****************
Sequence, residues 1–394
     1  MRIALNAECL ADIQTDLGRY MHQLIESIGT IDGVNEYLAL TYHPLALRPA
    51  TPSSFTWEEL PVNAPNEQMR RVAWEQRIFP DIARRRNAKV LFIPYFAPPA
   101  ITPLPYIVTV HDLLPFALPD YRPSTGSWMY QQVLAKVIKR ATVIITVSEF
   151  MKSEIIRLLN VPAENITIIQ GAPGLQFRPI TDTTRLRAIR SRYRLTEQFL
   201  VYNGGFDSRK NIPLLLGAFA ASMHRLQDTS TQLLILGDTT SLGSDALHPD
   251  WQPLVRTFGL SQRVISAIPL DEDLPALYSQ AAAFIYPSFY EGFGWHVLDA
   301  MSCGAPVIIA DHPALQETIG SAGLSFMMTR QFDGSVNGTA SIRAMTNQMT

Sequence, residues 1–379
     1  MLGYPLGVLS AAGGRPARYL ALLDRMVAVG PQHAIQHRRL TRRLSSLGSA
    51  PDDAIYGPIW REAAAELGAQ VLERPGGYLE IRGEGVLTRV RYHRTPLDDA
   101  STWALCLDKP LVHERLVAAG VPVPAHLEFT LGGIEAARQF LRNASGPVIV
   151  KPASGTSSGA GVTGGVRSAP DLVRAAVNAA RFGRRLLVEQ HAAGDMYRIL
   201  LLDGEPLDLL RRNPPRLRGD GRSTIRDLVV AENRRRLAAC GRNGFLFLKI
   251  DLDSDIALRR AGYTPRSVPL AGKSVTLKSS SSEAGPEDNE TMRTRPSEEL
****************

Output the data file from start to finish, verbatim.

Sequence, residues 1–394
     1  MRIALNAECL ADIQTDLGRY MHQLIESIGT IDGVNEYLAL TYHPLALRPA
    51  TPSSFTWEEL PVNAPNEQMR RVAWEQRIFP DIARRRNAKV LFIPYFAPPA
   101  ITPLPYIVTV HDLLPFALPD YRPSTGSWMY QQVLAKVIKR ATVIITVSEF
   151  MKSEIIRLLN VPAENITIIQ GAPGLQFRPI TDTTRLRAIR SRYRLTEQFL
   201  VYNGGFDSRK NIPLLLGAFA ASMHRLQDTS TQLLILGDTT SLGSDALHPD
   251  WQPLVRTFGL SQRVISAIPL DEDLPALYSQ AAAFIYPSFY EGFGWHVLDA
   301  MSCGAPVIIA DHPALQETIG SAGLSFMMTR QFDGSVNGTA SIRAMTNQMT

Sequence, residues 1–379
     1  MLGYPLGVLS AAGGRPARYL ALLDRMVAVG PQHAIQHRRL TRRLSSLGSA
    51  PDDAIYGPIW REAAAELGAQ VLERPGGYLE IRGEGVLTRV RYHRTPLDDA
   101  STWALCLDKP LVHERLVAAG VPVPAHLEFT LGGIEAARQF LRNASGPVIV
   151  KPASGTSSGA GVTGGVRSAP DLVRAAVNAA RFGRRLLVEQ HAAGDMYRIL
   201  LLDGEPLDLL RRNPPRLRGD GRSTIRDLVV AENRRRLAAC GRNGFLFLKI
   251  DLDSDIALRR AGYTPRSVPL AGKSVTLKSS SSEAGPEDNE TMRTRPSEEL